Laura Black started out as a client of The Associated, a Jewish funding organization, back when it was called Jewish Family Services.
She was going through a divorce, had three small children, was finishing up law school, and starting a business.
“I would drive down Park Heights Avenue to what was then JFS. I promised myself then that I would give back,” she said. Now, more than 20 years later, she is the out-going president of The Associated Women group, and is working on writing an inspirational book.
And on May 31 during the group's annual meeting, set for 5-7 p.m. at , 7401 Park Heights Ave. in Pikesville, the group will honor Black for her two years of leadership service to the agency.
"Two words to describe Laura are 'boundless energy,'" said Michelle Ostroff, director of programming for The Associated. "Working with her on events over the past two years, she was always a source of inspiration."
Being an inspiration is Black's purpose. “My passion is empowering women,” she said with her signature enthusiasm.
And she has done just that during her two years as president.
Black pointed out one of her biggest accomplishments in office: “We changed the name from the 'Women’s Department' to 'The Associated Women,'” she said.
More than just a name change, it also indicates how the perception of the group has changed—how its stature has grown, she said.
To inspire and connect Jewish women, she created a networking group through The Associated: Jewish Professional Women’s Initiative (JPWI), aimed at working women who seek personal, business, social and professional connections. The Initiative includes speakers and volunteer activities.
While she is leaving her duties as president, Black said she is excited about many of the group's activities that are ongoing, including Chapter Two, a one-year program for empty-nesters. “It’s about finding your passion and putting it into action,” she said.
Through that program, empty-nesters meet once monthly to hear speakers, and then choose a project to become involved with, whether it's working with Weinberg Center residents, or creating a seder for children with special needs. “We’re starting our fourth group,” she said with obvious pride.
Then there's the community-wide, all-women’s Passover seder sponsored by the group. While there are other women’s seders held around town, this is a well-attended function that she says women look forward to each year.
Black is also proud of the Beatrice de Luna Women, a networking group for “high-level business and professional women” named after an early philanthropist. She describes it as a venue to network with like-minded women.
Helping Other Women
Coming of age on the cusp of the women’s movement, Black recalled her own journey to success. “I went to law school as an adult,” she said, “when my boys were 4 and 7. I gave birth to my daughter right after graduation.” Her children are now 23, 29 and 33 years old, and she is the very-involved grandmother of a 3 1/2-year-old and infant twins.
After graduation, she and a friend of hers from law school started a legal staffing company. “We grew that into one of the largest in the world.”
But along the way, Black found she needed some support in her personal life. As a transplant resident from Miami, she was on her own in Baltimore when her marriage dissolved. “I was going through a divorce and turned to Jewish Family Services," which is now called Jewish Community Services, an agency under the auspices of The Associated.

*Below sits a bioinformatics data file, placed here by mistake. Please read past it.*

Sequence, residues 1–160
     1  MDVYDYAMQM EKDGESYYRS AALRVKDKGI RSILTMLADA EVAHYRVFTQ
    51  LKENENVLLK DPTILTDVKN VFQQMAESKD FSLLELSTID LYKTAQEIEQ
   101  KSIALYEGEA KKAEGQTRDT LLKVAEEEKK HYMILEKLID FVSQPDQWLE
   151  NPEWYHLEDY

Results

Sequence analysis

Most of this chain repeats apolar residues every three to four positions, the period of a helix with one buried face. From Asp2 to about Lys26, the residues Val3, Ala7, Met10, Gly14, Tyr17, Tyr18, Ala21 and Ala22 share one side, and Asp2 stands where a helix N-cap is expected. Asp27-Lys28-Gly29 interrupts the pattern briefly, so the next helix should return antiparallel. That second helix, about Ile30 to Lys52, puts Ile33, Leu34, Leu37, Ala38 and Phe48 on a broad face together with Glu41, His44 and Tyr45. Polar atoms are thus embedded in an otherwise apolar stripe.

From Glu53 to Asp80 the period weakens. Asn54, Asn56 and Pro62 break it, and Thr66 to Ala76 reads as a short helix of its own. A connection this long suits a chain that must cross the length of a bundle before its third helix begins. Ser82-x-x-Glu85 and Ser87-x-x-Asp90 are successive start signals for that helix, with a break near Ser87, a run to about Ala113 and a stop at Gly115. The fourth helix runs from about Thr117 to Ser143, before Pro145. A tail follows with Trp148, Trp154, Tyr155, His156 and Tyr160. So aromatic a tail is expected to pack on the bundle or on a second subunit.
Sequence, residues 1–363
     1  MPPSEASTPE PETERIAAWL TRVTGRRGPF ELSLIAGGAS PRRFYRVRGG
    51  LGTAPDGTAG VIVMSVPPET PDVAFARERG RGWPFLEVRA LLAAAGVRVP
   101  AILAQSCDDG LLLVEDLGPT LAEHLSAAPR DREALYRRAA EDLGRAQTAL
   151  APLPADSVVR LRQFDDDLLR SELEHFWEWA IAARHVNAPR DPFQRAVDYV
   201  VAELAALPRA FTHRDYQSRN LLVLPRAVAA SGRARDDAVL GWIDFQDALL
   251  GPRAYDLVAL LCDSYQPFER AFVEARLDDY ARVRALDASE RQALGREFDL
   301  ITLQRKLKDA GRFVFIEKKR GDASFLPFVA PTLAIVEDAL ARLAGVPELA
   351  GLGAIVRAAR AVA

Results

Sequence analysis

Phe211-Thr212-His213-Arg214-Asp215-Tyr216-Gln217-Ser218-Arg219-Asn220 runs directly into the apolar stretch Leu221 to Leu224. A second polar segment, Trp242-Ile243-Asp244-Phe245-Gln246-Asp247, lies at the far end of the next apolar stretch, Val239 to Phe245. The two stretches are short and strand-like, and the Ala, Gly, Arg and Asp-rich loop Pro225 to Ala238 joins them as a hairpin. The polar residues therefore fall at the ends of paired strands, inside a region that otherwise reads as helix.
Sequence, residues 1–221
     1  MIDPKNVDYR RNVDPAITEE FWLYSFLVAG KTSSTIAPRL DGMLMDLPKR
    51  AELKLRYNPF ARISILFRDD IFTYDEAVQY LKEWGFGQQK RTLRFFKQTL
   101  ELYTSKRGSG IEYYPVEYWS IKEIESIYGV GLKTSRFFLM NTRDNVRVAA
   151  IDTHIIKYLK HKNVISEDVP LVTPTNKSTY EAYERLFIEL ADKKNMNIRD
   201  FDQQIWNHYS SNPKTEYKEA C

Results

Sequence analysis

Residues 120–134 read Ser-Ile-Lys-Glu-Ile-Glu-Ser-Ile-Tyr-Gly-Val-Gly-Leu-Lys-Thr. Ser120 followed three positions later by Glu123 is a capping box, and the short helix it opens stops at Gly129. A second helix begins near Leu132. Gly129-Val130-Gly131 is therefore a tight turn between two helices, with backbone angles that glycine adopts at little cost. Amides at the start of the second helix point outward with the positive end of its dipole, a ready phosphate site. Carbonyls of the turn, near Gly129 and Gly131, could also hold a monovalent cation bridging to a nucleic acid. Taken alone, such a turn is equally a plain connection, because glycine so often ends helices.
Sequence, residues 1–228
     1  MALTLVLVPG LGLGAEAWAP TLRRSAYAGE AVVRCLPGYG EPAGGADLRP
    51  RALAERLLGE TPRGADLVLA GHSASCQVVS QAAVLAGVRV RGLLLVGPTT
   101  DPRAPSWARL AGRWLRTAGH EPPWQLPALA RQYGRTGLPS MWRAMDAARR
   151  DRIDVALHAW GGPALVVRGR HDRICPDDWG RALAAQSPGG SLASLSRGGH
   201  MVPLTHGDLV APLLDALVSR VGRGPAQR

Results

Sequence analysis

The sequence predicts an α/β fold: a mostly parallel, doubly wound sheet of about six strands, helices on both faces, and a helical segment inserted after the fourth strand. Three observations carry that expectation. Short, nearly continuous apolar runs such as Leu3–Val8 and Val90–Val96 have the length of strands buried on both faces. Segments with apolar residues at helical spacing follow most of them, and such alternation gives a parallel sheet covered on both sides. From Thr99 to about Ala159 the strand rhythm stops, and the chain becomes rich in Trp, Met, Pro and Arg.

“It was such an enlightening experience. Whether you could afford services or not, they were provided. Not coming from Baltimore, it gave me a place where I felt like I belonged.”
A Philanthropic Legacy
Black had grown up in a family that modeled charitable giving, and because of her business success, she was eventually in a position to give back. “My paternal grandfather was very philanthropic. As a child I would witness his belief in helping the community. He had strong Jewish values.”
As her involvement with The Associated grew, so did her giving.
Since many opportunities to volunteer with The Associated revolve around fundraising, Black said she is happy to set the record straight. “We value your time and we value your money,” she said forthrightly, admitting that certain groups have minimum limits for participation while others are open to everyone. No matter what your means, she stressed, “There are no barriers to participation.”
She advises potential volunteers to contact the organization's Center for Community Engagement and Leadership to find the best fit for themselves within the agency. “It’s a great way to get involved and find out what your interests are,” she said.
Secrets to Success
She is in the process of writing a book called Big Butts, Fat Thighs, and Other Secrets to Success: How to Get Where You Want by Being Real.
“My message for women is to figure out what’s stopping them, come to terms, and accept it, and move on by being real and authentic.” The theme of her website, fittingly, is “Real Women Win.”
And she blogs frequently on her website, providing snippets of insights from her future manuscript.
"The first half of the book deals with accepting who we are,” she explained. “The second half shows us how to use those vulnerabilities to our advantage.”
, including a lite-fare reception, is open to all women in the Baltimore Jewish community, Ostroff said. Walk-ins are welcome, and no registration is required.
For details, contact Ostroff at 410-843-7479.